Dogs are not just for Christmas

 

Thinking of buying a dog this Christmas? Croydon Council‘s dog warden service is asking people to think very carefully before they give an animal as a present.

Each year the increase in unwanted dogs goes up at the start of the year, with 312 collected so far in 2015 – over a half (173) between January 1 and April 31.

Previous years’ show the same trend; in 2014 the council collected 347 dogs -175 between January 1 and April 31. In 2013 361 dogs were collected – 189 between January 1 and April 31. At least 60% are not claimed by their owners.

“Christmas is a particularly busy time as puppies are bred for Christmas presents.

“The dog warden service strongly disapproves of this as it promotes puppy farming and unscrupulous breeding.

“We often collect a number of stray female dogs that are unwanted after they have had puppies. In the last few years we have also seen an increase of young stray dogs after Christmas, presumably unwanted presents. It’s a worrying trend.”

Councillor Mark Watson, cabinet member for communities, safety and justice

Those who are keen to get a dog are encouraged to get their new pet from the bigger rescue centres, such as Dogs Trust and Battersea Dogs & Cats Home, which both offer a range of services.

In addition to offering a pet a second chance with a loving family, these centres offer neutering, vaccination and micro-chipping, and will send the new owner’s details on to the Pet Log Company.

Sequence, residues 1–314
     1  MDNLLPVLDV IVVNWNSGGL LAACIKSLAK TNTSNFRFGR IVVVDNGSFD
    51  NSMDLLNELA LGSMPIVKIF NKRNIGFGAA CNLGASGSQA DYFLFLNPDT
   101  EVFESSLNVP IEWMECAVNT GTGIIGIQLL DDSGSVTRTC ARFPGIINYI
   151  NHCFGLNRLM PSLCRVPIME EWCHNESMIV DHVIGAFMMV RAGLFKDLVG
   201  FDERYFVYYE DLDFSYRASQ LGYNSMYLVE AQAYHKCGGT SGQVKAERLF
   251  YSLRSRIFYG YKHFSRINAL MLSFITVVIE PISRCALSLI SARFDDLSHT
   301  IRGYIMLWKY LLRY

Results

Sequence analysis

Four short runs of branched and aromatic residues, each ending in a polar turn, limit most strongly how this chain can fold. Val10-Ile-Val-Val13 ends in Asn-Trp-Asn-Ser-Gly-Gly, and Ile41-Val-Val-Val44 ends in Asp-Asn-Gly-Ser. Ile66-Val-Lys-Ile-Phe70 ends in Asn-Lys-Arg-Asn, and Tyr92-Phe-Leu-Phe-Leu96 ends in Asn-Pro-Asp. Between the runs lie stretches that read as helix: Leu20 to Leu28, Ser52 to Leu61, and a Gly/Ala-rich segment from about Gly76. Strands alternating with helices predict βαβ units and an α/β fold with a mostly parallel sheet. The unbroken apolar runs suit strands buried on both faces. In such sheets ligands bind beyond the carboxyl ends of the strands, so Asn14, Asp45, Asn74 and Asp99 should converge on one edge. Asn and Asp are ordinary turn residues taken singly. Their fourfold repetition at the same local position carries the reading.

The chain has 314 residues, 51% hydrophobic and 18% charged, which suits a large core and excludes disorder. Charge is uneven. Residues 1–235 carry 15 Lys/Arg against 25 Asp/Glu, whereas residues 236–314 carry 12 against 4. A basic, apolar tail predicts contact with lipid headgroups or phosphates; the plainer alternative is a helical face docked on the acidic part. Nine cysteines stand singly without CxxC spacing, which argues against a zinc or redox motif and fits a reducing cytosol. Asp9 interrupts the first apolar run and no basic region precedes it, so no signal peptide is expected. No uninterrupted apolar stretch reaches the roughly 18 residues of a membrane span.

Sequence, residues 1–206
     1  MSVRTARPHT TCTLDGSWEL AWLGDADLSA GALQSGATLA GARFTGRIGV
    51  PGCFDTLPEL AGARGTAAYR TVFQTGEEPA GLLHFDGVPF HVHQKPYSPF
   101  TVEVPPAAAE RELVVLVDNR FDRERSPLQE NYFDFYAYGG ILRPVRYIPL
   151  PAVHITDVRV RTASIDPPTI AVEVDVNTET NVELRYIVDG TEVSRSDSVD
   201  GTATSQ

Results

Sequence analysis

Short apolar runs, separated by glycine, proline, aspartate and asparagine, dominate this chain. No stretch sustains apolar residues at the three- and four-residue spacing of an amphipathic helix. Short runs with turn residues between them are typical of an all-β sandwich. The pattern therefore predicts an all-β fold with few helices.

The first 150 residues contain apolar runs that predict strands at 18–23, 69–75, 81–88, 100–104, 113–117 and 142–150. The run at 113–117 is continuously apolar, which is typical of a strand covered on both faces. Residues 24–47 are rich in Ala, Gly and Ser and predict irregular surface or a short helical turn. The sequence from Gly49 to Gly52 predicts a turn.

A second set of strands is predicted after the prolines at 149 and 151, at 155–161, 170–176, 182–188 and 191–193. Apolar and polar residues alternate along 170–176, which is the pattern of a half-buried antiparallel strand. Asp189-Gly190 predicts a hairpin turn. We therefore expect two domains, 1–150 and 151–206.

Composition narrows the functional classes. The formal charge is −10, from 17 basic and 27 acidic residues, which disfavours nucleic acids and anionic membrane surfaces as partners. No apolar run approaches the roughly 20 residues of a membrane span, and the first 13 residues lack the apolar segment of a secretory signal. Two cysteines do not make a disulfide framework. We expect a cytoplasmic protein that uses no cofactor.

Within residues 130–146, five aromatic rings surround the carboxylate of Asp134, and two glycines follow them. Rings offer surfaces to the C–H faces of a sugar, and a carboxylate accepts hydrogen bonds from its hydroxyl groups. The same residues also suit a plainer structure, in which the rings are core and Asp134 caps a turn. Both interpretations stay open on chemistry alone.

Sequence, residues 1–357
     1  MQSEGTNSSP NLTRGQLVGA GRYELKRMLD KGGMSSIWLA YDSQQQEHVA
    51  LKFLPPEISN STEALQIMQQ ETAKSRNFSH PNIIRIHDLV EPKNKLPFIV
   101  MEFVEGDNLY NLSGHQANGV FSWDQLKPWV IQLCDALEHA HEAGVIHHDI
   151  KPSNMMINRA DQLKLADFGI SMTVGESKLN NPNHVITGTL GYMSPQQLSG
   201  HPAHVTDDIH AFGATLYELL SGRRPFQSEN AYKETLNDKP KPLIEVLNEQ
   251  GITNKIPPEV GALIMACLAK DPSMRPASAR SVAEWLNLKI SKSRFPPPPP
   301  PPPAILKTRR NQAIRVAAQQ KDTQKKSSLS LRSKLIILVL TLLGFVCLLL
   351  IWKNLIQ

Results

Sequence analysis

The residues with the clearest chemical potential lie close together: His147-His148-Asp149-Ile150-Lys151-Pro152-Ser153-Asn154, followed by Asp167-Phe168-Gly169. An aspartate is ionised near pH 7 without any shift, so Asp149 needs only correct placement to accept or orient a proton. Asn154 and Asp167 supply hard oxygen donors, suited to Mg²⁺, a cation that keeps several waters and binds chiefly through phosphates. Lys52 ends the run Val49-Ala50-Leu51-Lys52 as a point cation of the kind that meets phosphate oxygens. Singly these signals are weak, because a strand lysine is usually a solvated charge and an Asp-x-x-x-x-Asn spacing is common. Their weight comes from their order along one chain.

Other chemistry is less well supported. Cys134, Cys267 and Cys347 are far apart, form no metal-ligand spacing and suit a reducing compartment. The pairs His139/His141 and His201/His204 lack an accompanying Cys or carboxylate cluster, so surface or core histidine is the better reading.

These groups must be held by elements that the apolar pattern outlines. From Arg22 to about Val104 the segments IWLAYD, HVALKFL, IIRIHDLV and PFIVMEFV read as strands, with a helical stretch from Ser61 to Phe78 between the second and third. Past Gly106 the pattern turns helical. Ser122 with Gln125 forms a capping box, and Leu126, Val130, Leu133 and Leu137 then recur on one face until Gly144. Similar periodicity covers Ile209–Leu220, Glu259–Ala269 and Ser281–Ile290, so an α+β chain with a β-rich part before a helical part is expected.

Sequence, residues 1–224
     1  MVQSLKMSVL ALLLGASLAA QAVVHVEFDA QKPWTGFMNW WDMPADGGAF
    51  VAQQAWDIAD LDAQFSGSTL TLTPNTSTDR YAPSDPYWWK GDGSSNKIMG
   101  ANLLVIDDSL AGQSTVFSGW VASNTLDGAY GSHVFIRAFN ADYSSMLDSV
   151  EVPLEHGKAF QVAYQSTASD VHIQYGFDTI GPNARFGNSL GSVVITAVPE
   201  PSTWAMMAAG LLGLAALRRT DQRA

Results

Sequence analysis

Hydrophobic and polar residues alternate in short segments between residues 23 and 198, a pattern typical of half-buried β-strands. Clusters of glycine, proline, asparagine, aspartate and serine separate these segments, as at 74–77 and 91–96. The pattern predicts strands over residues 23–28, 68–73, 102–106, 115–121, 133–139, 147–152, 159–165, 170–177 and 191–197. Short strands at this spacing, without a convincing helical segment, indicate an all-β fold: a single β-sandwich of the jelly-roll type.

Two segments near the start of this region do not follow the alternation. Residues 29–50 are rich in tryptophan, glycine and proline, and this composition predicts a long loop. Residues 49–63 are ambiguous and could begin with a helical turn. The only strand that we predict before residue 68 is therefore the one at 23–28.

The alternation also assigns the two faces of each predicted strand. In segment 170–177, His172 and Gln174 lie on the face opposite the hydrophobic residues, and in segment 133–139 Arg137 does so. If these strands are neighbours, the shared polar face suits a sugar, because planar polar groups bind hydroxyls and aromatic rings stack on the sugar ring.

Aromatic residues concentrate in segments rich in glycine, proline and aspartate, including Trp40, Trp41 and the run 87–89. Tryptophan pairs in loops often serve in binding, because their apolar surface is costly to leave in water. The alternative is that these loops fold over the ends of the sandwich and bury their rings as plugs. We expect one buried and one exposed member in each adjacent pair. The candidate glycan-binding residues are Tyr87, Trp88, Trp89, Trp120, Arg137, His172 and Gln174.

Battersea also offers six weeks’ free pet insurance and carries out a home check of the properties to which pets are potentially going, to ensure the adoption is suitable.

Anybody who does choose to buy is encouraged to go to a Kennel Club registered reputable breeder to ensure they are not buying into pupping farming. See these tips for further advice.

  • Never buy from anyone other than a reputable breeder
  • Don’t buy on a whim – plan your purchase – your pet could easily live for 10 to 15 years or more, so be sure you can make this time commitment
  • Make sure you see both of the puppies’ parents so you can check their health, temperament and pedigrees
  • Ensure there is paperwork with the puppy to show its origins are genuine
  • Check the puppy’s breed characteristics are right for your family’s needs, and that you will be able to care for it as it grows up.

If in doubt – take advice from the Kennel Club or a vet.

For more tips on dog ownership, see the council’s YouTube clip – http://bit.ly/1PjrXh8

 

 

 

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